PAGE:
Alessandro Pedori joined Yahoo! in 2000, when it was still hip. Later, he worked on accessing the web with phones that weren't particularly smart, proceeded to spend years in the localization industry, and fell in love with Python (it just made sense). He entered the world of data engineering from the backdoor.
Alessandro is an independent consultant, mostly concentrating on distributed systems, natural language processing (NLP), and systems to move data around, and, if possible, learn from it.
Alessandro holds a Master of Science in Computer Engineering from the Università di Bologna.
Data in the wild
- get hand on experience on how to access data in real world situation
- understand the challenges and trade offs in getting data
- create a small pipeline project, from rough to usable data
In many cases, the data we need is all nice and clean, ready for us to work with it, extract information or knowledge, or at least some neat visualization. However, when we start working on real projects, we generally find data that is messy, scattered, and difficult to use. If we can find the data at all. Getting the data in a state in which we can use it, often is labor intensive, and often not very sexy.
We'll see what we can expect, and what can we do to make it, if not sexy, interesting.
ASSUMPTIONS ABOUT DATA (and how they fail)
- it exists
- it is complete
- and available
- and unchanging
- scraping: how, when, why, when not
- APIs, APIs, APIs all around
- the good thing about formats: the are so many of them! (mail, PDF, CSV, XSL...)
- missing data
- choosing a structure (then choosing again)
PUTTING IT ALL TOGETHER
- packaging the steps
- quick checks/visualizations
Having an idea of what data we need will be helpful in the practical part.
Making sense of language: a (gentle) introduction to NLP
- be able to understand the possibilities and challenges of working with language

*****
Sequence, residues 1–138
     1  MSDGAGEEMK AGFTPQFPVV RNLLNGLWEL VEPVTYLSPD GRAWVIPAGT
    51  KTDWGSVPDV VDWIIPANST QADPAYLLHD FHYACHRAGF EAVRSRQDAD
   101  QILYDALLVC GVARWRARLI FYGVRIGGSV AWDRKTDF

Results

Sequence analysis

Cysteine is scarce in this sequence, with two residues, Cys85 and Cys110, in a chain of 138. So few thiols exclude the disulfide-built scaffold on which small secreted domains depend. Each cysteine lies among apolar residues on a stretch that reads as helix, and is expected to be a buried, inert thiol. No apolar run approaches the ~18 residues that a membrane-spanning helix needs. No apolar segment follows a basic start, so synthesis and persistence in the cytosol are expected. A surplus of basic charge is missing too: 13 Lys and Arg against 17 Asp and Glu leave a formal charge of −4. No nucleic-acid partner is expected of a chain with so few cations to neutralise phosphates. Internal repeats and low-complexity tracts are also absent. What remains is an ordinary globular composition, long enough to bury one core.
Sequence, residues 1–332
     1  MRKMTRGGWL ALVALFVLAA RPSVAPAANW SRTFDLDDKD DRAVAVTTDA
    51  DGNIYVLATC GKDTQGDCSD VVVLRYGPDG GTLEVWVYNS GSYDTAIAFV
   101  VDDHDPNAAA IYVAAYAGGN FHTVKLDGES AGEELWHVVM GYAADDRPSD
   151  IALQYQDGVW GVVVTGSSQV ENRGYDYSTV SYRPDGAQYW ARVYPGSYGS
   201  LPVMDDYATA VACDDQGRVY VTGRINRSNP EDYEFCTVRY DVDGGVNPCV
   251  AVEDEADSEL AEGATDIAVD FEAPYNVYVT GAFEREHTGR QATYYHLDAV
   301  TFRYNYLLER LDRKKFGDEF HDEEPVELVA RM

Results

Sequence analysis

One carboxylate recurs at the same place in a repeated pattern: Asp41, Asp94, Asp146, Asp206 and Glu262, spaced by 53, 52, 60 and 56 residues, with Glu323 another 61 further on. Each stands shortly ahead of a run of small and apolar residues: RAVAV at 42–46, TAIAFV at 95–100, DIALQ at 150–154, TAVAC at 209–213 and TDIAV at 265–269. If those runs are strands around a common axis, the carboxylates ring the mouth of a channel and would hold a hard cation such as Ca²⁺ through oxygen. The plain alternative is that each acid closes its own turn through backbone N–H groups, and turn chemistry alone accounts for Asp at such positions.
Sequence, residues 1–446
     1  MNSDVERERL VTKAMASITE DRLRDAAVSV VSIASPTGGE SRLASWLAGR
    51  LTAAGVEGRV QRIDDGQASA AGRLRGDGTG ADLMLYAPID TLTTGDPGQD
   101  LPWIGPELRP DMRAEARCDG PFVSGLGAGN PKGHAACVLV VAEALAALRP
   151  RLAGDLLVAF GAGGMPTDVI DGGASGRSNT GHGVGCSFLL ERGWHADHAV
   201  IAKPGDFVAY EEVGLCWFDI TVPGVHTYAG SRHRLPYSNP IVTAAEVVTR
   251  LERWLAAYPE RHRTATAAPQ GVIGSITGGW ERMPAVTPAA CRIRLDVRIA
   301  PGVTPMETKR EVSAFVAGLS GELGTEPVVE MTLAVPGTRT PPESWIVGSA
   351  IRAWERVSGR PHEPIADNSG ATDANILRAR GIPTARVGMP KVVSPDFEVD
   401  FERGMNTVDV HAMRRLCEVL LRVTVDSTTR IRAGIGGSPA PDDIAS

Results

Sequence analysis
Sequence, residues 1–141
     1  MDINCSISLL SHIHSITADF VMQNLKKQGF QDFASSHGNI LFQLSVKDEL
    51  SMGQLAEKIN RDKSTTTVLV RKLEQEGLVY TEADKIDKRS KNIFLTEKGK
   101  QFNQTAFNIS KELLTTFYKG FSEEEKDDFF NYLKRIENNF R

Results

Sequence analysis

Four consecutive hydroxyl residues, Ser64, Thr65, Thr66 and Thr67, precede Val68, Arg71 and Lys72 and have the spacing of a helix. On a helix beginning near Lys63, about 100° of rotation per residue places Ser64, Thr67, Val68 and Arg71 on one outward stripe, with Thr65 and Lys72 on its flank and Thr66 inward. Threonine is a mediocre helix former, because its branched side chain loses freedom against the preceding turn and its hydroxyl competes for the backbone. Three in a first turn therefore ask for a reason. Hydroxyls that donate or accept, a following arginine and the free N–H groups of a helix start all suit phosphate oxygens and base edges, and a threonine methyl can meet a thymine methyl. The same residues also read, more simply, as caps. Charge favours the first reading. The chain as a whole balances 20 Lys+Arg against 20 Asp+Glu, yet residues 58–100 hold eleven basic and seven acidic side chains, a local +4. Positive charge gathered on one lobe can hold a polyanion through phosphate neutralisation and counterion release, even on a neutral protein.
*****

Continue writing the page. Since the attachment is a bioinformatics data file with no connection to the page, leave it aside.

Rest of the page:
- know some of the tools, their strength, their limitations
- be able to build an application dealing with natural language
Language is one of the main ways humans communicate, and a lot of information is in some sort of linguistic form.
This has traditionally posed a big challenge for computers: while humans automatically make sense of meaning, and naturally use contextual clues, computers cannot really understand language and its meaning. What machines can do is extract some data, units of information, and correlations.
Modern libraries and techniques offer tools performing quite sophisticated high-level tasks on language. It is helpful understanding how they work under the hood, what they can do, what they cannot (yet) do, and the grey area where the interesting stuff happens.
INTRO TO LANGUAGE AND ITS PROCESSING
- language: it's complex
- language from the point of view of a computer
- basic applications
- advanced applications
- meet our main tool: NLTK
- morphology, stemming, syntax
- grammar, or something like that
- bag of words
- more tools: spacy, textacy, scikit-learn
- statistical analysis
- language models
- machine learning
(we will cover the basics, and concentrate on a couple)
- basic spam filter
- sentiment analysis
- basic text classification
- text summarization
- text production
- information extraction and text mining
- a basic chat bot: let's rebuild siri
Being comfortable with at least a programming language. We will use python, mostly cover NLTK with some excursions in other tools. Fluency in English is assumed, acquaintance with at least another language for comparison (English is often a corner case) is helpful but not necessary.